The injured passenger slipped and fell while on a cruise on December 9, 2012. The injured person’s ticket included a forum selection clause, which limited the time to file suit to one year and required the suit to be filed in the Southern District of Florida federal court, as long as subject matter jurisdiction requirements were met. If those weren’t met, the forum selection clause then limited any state court filings to occur in Miami-Dade County, Florida. The injured passenger initially hired an attorney based in California. The attorney was twice notified by the cruise line that it would not waive the forum-selection clause on September 4, 2013 and October 22, 2013. The injured passenger then hired counsel in Florida, who filed suit on December 4 or 6, 2013 in state court instead of federal court, as required by the forum selection clause. The cruise line moved to dismiss the state court action. While the motion to dismiss the state action was still pending, the injured passenger’s counsel then filed suit in federal court, nearly three months after the one-year limitation had already passed.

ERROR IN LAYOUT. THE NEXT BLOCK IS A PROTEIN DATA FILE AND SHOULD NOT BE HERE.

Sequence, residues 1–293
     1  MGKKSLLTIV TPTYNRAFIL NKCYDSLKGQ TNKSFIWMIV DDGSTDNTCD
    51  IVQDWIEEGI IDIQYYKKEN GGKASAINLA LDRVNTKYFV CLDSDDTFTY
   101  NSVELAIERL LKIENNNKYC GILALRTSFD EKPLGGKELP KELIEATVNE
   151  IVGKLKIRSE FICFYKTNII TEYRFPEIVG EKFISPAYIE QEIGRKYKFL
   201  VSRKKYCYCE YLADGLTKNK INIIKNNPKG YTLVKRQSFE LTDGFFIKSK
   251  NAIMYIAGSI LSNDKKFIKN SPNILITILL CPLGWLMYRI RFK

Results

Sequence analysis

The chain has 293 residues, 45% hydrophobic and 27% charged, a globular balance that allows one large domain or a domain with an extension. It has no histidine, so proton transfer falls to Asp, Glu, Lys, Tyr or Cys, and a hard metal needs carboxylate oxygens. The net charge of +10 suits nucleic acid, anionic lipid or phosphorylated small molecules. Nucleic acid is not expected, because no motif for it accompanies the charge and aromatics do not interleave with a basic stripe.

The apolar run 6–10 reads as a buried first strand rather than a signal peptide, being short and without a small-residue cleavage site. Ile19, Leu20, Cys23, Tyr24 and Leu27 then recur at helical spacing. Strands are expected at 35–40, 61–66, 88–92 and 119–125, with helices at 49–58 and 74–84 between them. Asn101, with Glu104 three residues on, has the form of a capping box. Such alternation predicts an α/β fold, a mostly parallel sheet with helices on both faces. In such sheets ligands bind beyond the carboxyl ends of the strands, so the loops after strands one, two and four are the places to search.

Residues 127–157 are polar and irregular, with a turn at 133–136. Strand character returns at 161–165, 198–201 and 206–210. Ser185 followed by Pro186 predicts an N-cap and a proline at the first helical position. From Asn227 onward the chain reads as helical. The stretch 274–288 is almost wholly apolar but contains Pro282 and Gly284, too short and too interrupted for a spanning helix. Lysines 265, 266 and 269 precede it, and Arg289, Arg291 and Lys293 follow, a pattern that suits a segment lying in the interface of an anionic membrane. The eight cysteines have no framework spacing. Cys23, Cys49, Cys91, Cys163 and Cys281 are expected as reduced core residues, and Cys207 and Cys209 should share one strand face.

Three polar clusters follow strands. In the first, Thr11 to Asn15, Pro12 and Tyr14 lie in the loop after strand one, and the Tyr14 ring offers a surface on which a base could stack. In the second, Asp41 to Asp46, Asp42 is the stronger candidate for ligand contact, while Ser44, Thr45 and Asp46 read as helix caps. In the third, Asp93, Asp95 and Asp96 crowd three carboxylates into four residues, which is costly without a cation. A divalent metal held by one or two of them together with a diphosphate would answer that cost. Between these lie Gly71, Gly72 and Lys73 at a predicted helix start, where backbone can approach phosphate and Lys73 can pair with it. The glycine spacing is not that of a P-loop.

The cruise line filed for summary judgment in the federal court action, again pointing to the failure to file within the prescribed deadline at the correct location. The injured passenger argued that the limitation had equitably tolled, and the case should not be dismissed, since she tried to meet the requirements of the forum selection clause. On appeal, the injured passenger pointed to another, similar case in which the federal court allowed a different injured passenger to continue with his negligence action, despite filing after the one-year deadline and in state court. (See Booth v. Carnival Corporation, 522 F.3d 1148 (11th Cir. 2008).) The circuit court acknowledged they did find in favor of the injured passenger in that case, noting that equitable tolling occurs when four things happen. First, the state court must possess subject matter jurisdiction concurrently with the federal court. Second, the state lawsuit must have been dismissed solely on the ground of improper venue. Third, the defendant must have been aware prior to the expiration of the limitation period that the injured person intended to file suit. Fourth, the injured passenger must be entitled to believe that his state filing might be sufficient, since defendants are able to, and often do, waive the defense of improper venue.